CANZUK is an acronym for a potential alliance comprising of Canada, Australia, New Zealand and the UK, similar to the former European Economic Community – the predecessor of the EU. It is being lobbied by the advocacy group CANZUK International and has gained support from think tanks such as the Adam Smith Institute, the Henry Jackson Society, the Bruges Group and a growing number of politicians from across the four nations. The potential alliance could see increased trade, foreign policy and military cooperation as well as mobility of citizens between the four Commonwealth countries
In an exclusive interview with Express.co.uk, Australian Liberal Party Senator Eric Abetz urged Prime Minister Boris Johnson to push for the alliance now Britain is out of the EU.
He said: “Very early on, when Brexit was being mooted, I was one of those first in Australia to be promoting the CANZUK proposal of Canada, Australia, New Zealand and the UK becoming a trading and social bloc.
“Those four countries have a very similar heritage.
“The UK has done a great service to the world at large in relation to how it has done its democracy.
“From an absolute monarchy to where we are now.
“Its traditions and history are fantastic and those traditions and history are embedded in Canada, New Zealand and Australia.”
He added: “Having CANZUK would be a great opportunity for people’s exchanges as well.
“We have such a robust security system. We trust each other. We are able to trust each other’s passports.
“I could not imagine anybody saying I want to be a refugee from the UK and go to Australia or New Zealand or Canada.
“Basically, we have the same standards of living and I don’t think we would be in danger if we had more relaxed people’s movement opportunities.”
CANZUK International founder James Skinner echoed Mr Abetz’s claims.
Explaining the policy to Express.co.uk, he said: “The vision for it is really founded on the principle of these four countries working together as sovereign independent nations for the betterment of their economies and opportunities for their citizens.
“The way we promote that is through three objectives. The first would be reciprocal migration whereby citizens of these countries could freely live and work in the other countries, minus a few stipulations and requirements.
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“Then free trade between these countries would maximise trading potential opening up trade to [markets worth] about $3.5trillion (£2.5trillion).
“The third aspect would be foreign policy cooperation so acting as sovereign nations we could improve on the relations we already have.”
A poll of 13,600 people in 2018 for CANZUK International found overwhelming support for free movement in all four nations.
The policy was backed by 82 percent of New Zealanders, 76 percent of Canadians, 73 percent of Australians and 68 percent of Britons.
Canada’s main opposition, the Conservative Party of Canada, has adopted support for CANZUK as one of its official positions.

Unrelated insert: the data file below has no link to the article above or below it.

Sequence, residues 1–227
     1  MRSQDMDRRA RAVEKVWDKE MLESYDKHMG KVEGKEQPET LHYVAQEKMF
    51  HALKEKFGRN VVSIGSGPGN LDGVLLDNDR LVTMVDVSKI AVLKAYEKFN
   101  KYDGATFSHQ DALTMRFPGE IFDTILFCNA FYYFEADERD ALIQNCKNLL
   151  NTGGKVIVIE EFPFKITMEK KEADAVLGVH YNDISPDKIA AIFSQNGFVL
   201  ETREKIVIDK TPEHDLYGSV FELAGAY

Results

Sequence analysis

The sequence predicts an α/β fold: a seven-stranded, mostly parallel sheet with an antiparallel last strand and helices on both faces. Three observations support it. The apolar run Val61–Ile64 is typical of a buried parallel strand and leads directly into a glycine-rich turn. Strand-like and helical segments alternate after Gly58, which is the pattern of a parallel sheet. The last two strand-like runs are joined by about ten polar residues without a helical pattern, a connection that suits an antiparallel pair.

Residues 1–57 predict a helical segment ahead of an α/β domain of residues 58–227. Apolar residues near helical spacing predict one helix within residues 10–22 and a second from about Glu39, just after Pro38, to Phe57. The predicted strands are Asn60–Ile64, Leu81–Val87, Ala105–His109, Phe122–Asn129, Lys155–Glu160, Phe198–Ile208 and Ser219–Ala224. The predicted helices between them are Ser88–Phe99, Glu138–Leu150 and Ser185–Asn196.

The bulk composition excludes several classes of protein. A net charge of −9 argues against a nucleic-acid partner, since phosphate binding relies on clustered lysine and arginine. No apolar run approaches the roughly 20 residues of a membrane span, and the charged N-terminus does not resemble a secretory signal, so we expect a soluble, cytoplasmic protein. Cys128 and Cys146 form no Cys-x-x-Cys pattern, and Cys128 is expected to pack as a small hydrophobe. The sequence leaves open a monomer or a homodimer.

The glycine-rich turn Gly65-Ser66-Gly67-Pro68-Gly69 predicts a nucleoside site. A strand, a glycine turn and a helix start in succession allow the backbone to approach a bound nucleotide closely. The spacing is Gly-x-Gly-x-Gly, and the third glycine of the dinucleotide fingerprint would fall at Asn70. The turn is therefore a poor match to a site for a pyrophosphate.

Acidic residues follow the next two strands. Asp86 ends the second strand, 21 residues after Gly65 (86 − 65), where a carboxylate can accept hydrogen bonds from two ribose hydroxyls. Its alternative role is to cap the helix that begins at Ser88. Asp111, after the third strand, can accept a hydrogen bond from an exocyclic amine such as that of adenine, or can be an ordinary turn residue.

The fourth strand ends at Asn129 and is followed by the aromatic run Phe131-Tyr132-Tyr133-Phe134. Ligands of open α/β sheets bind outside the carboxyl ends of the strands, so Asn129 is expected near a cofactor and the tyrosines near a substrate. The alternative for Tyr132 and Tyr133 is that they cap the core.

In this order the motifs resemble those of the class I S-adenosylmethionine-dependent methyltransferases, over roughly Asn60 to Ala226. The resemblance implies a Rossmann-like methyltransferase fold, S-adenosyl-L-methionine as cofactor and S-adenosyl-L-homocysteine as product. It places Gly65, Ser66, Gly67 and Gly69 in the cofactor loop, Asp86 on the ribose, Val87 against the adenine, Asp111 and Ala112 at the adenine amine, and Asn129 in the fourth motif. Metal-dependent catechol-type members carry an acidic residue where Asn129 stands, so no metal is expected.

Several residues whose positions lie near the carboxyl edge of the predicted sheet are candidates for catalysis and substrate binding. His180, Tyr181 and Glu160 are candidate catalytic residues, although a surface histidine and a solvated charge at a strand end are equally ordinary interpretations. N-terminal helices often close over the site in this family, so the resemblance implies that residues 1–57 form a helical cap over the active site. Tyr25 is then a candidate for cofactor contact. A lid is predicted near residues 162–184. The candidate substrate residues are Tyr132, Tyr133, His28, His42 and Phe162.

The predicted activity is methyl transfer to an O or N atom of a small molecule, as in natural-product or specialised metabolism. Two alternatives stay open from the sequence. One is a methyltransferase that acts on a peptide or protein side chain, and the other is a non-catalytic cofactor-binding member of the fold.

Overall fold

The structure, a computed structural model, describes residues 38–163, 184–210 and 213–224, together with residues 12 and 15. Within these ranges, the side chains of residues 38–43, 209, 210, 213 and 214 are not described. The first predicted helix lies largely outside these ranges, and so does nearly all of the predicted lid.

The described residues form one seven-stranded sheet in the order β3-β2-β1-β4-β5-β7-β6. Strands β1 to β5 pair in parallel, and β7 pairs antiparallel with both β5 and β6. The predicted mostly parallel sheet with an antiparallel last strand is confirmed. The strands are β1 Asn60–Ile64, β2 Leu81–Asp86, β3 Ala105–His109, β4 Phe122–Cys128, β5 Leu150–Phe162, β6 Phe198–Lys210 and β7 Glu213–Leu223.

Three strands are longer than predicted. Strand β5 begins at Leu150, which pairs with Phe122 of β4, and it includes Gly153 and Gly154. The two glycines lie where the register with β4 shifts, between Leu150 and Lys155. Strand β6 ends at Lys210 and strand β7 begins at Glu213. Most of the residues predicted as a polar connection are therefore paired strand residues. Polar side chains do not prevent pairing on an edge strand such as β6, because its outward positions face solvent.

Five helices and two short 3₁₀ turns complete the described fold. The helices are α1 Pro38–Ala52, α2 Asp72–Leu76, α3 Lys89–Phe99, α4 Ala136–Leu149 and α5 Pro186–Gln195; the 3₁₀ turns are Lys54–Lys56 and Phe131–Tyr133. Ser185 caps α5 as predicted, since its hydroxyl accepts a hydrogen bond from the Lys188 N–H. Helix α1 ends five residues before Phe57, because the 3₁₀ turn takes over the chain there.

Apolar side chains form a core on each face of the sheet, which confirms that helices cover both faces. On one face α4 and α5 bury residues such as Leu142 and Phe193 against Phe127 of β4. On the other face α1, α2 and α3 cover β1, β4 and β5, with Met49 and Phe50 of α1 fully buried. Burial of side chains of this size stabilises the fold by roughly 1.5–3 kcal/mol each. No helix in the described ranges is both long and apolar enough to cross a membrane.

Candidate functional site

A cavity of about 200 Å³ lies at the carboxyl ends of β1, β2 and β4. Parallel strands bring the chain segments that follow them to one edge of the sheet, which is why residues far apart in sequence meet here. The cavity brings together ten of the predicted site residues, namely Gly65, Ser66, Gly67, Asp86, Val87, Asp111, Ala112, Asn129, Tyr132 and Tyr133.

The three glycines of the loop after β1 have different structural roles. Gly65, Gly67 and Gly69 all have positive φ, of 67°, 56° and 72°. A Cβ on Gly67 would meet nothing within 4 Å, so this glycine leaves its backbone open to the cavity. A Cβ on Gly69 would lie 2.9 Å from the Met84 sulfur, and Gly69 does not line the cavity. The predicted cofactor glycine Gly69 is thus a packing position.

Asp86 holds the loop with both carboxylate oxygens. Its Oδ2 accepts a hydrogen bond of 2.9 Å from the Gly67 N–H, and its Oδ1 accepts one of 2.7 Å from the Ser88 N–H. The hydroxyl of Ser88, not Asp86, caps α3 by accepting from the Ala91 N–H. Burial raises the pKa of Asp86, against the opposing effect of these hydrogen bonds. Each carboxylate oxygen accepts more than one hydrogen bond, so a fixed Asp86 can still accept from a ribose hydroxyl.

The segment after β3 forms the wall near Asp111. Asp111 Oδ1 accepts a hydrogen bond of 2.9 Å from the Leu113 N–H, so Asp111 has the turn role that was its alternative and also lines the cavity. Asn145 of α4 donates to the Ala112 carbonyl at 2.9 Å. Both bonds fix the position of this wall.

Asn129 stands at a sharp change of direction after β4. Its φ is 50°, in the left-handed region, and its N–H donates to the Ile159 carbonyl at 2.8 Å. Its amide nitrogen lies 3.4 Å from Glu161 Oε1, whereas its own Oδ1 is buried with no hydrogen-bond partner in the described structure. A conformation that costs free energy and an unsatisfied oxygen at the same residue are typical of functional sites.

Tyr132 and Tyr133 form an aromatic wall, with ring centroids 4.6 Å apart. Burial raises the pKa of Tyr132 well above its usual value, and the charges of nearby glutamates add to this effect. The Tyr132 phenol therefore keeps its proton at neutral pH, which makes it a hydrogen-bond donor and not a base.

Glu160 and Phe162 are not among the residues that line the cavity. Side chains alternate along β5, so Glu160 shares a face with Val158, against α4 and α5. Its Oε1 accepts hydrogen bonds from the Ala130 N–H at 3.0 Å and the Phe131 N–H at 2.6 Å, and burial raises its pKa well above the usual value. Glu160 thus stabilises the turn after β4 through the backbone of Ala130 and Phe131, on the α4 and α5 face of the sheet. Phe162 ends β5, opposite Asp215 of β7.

Mr Skinner emphasised the proposal is very different from the European Union.
He noted: “It would very much be completely different to what the EU structure is.
“So for example where the EU has gone down the routes of having a European Parliament, an EU commission, having a centralised currency, a centralised court system, CANZUK would be nothing of the sort nor would we ever advocate for that to be the case.
“What we’ve always advocated is these countries would work as sovereign independent counties on the international stage, working together for initiatives like reciprocal migration, trade and foreign policy.”
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At the end of last month, London applied to join another alliance: the Comprehensive and Progressive Agreement for Trans-Pacific Partnership (CPTPP), with negotiations set to start later this year.
Since leaving the EU, Britain has made clear its desire to join the trade bloc, which removes most tariffs between Australia, Brunei, Canada, Chile, Japan, Malaysia, Mexico, New Zealand, Peru, Singapore and Vietnam.
Mr Johnson said in a statement: “One year after our departure from the EU we are forging new partnerships that will bring enormous economic benefits for the people of Britain.”
International Trade Secretary Liz Truss believes membership of the partnership would boost trade that was worth £111billion last year and has been growing eight percent per year since the UK voted to leave the EU in 2016.
Ms Truss argued membership will “complement” existing free trade agreements between the UK and countries including Japan, Canada, Mexico, Chile and Vietnam, which were “rolled over” from previous EU deals.
Speaking to the BBC, Ms Truss declined to say what effect CPTPP membership would have on the UK economy but she insisted the Pacific region was important as a centre of “future growth”.
Brexiteers hailed the move as proving the future success of Global Britain is outside Europe.
North west Leicestershire MP Andrew Bridgen said: “We don’t need the EU any more.
“This just confirms the massive opportunities Brexit is already bringing to this country.”